Congolese youths Mauzo dance during the 5th Edition of Kakuma Got Talent finals at Kakuma Refugee Camp in Kakuma, Kenya, Dec. 8, 2018. (Xinhua/Charles Onyango)
KAKUMA, Kenya, Dec.10 (Xinhua) -- The United Nations Refugee Agency (UNHCR) and partners late on Saturday awarded cash prizes to several young refugees in Kakuma, the second largest refugee camp in Kenya, for harnessing performing arts to advance peace, unity and self-reliance.
Hundreds of young refugee artists participated in the fifth edition of Kakuma's Got Talent, from Thursday to Saturday, help showcase their prowess in music, dance, comedy, modelling and photography.
The overall winners in each category scooped 20,000 Kenyan shillings (200 U.S dollars) for their ability to use arts as an avenue for transforming livelihood of refugees.
Sukru Cansizoglu, head of the UNHCR sub-office in Kakuma, said this year's arts competition for young refugees set the bar higher in terms diversity, talent and content.
The UNHCR and several charity organizations organized the three-day competition at Kakuma.
The refugee camp, located in northwestern Kenya, hosts over 186,000 refugees mainly from South Sudan and the Democratic Republic of Congo.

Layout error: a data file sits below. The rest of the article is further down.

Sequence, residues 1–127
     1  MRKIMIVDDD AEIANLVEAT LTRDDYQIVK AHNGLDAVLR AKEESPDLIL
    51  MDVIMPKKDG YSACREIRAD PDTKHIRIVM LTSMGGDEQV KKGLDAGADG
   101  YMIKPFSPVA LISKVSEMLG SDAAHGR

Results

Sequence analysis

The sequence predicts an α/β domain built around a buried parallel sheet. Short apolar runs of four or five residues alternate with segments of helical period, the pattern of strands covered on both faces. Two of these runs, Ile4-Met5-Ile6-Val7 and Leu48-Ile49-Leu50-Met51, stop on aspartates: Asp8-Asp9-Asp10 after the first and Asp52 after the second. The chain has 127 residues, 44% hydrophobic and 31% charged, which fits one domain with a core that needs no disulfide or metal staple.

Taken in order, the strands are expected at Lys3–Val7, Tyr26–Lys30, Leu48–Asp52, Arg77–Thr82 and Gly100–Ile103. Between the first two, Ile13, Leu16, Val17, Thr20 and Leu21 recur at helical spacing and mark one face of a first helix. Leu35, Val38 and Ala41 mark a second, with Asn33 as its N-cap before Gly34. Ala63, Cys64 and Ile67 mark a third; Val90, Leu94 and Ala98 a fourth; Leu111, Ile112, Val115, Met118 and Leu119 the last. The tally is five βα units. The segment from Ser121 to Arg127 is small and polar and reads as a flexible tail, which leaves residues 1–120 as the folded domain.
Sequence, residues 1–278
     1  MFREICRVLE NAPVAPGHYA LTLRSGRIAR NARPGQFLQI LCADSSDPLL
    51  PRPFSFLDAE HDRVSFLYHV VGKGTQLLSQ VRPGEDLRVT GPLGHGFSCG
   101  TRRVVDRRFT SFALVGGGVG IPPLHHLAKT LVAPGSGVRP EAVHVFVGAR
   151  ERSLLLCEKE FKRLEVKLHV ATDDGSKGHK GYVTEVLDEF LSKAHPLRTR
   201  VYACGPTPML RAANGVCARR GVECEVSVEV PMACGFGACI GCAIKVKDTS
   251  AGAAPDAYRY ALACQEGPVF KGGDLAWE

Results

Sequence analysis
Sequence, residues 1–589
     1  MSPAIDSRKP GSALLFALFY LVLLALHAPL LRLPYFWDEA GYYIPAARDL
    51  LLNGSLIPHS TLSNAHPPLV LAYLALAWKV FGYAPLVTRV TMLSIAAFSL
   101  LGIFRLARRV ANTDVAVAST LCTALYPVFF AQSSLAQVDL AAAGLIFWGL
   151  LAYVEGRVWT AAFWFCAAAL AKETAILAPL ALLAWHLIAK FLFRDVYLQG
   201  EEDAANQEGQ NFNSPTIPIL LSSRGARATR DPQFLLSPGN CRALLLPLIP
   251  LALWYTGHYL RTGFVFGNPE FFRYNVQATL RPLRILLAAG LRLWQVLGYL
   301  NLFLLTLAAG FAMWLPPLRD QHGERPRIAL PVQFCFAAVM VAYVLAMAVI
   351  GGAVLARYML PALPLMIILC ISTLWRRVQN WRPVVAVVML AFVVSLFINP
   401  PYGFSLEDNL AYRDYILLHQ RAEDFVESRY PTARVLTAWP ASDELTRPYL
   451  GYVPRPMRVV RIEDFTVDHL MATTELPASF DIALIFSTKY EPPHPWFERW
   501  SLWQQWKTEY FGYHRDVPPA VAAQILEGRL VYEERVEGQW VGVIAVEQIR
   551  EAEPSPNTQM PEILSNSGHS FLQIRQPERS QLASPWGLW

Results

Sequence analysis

Participants dance during the 5th Edition of Kakuma Got Talent finals at Kakuma Refugee Camp in Kakuma, Kenya, Dec. 8, 2018.(Xinhua/Charles Onyango)
Charles Iria, senior protection officer at Lutheran World Federation, said "the core objective of Kakuma's Got Talent show is to inspire refugee children and youth to engage in constructive activities and escape from the trap of social ills like drug abuse and crime."
He noted that several young refugee artists who once lived in Kakuma have now joined the global entertainment circuit while serving as role models to their peers.
Almasi Gerald, a member of a troupe from the Democratic Republic of Congo that bagged the top prize in the dance category, said he looked forward to headline major shows in Kenya and across the region to generate additional income and gain exposure.
"We are using dance to rebuild our lives and are determined to have a breakthrough in terms of recording high resolution videos and attracting corporate sponsorship," said Almasi.